# Prior probability

https://arbital.com/p/prior_probability

by Eliezer Yudkowsky Jan 27 2016 updated Aug 4 2016

What we believed before seeing the evidence.

"Prior probability", "prior odds", or just "prior" refers to a state of belief that obtained before seeing a piece of new evidence. Suppose there are two suspects in a murder, Colonel Mustard and Miss Scarlet. After determining that the victim was poisoned, you think Mustard and Scarlet are respectively 25% and 75% likely to have committed the murder. Before determining that the victim was poisoned, perhaps, you thought Mustard and Scarlet were equally likely to have committed the murder (50% and 50%). In this case, your "prior probability" of Miss Scarlet committing the murder was 50%, and your "posterior probability" after seeing the evidence was 75%.

The prior probability of a hypothesis $H$ is often being written with the unconditioned notation $\mathbb P(H)$, while the posterior after seeing the evidence $e$ is often being denoted by the conditional probability $\mathbb P(H\mid e).$%%note: E. T. Jaynes was known to insist on using the explicit notation $\mathbb P (H\mid I_0)$ to denote the prior probability of $H$, with $I_0$ denoting the prior, and never trying to write any entirely unconditional probability $\mathbb P(X)$. Since, said Jaynes, we always have some prior information.%% %%knows-requisite(Math 2): This however is a heuristic rather than a law, and might be false inside some complicated problems. If we've already seen $e_0$ and are now updating on $e_1$, then in this new problem the new prior will be $\mathbb P(H\mid e_0)$ and the new posterior will be $\mathbb P(H\mid e_1 \wedge e_0).$ %%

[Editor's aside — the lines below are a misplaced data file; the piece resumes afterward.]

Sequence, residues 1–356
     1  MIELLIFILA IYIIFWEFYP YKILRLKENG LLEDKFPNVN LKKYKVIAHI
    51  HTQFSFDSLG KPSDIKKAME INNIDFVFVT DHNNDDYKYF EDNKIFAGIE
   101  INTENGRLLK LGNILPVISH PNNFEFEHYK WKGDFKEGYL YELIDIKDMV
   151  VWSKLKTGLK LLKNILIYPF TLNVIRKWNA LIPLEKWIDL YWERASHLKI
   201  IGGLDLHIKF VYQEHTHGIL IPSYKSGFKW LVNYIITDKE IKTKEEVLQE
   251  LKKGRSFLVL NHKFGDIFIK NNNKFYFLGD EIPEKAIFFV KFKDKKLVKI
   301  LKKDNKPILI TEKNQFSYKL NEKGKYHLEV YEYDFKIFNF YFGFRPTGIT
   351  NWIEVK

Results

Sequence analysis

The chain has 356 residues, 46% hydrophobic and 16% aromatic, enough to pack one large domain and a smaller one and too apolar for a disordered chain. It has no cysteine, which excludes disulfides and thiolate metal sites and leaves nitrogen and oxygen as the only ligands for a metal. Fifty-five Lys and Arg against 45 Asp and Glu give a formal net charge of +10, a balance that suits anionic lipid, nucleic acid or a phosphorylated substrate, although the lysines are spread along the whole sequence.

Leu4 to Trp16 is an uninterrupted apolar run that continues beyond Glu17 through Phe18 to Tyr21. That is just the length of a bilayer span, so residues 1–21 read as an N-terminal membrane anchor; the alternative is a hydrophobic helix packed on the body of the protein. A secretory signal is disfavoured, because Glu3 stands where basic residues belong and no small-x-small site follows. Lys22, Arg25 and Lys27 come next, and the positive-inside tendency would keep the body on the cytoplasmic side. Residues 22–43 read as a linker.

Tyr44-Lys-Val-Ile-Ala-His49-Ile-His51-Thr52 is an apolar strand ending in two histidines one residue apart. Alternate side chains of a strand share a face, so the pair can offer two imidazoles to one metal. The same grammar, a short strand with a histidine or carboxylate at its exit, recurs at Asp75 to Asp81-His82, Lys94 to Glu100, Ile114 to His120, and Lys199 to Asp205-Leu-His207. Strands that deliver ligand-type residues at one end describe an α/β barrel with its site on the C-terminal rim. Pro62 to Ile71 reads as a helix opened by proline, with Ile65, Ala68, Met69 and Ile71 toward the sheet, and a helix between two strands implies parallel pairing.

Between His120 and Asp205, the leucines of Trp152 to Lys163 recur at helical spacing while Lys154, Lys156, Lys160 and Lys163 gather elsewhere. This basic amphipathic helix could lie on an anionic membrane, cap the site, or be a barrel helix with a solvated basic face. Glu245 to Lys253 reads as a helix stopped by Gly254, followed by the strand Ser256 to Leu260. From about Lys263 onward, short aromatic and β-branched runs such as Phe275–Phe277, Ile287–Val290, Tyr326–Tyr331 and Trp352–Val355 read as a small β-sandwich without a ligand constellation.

For questions about how priors are "ultimately" determined, see Solomonoff induction.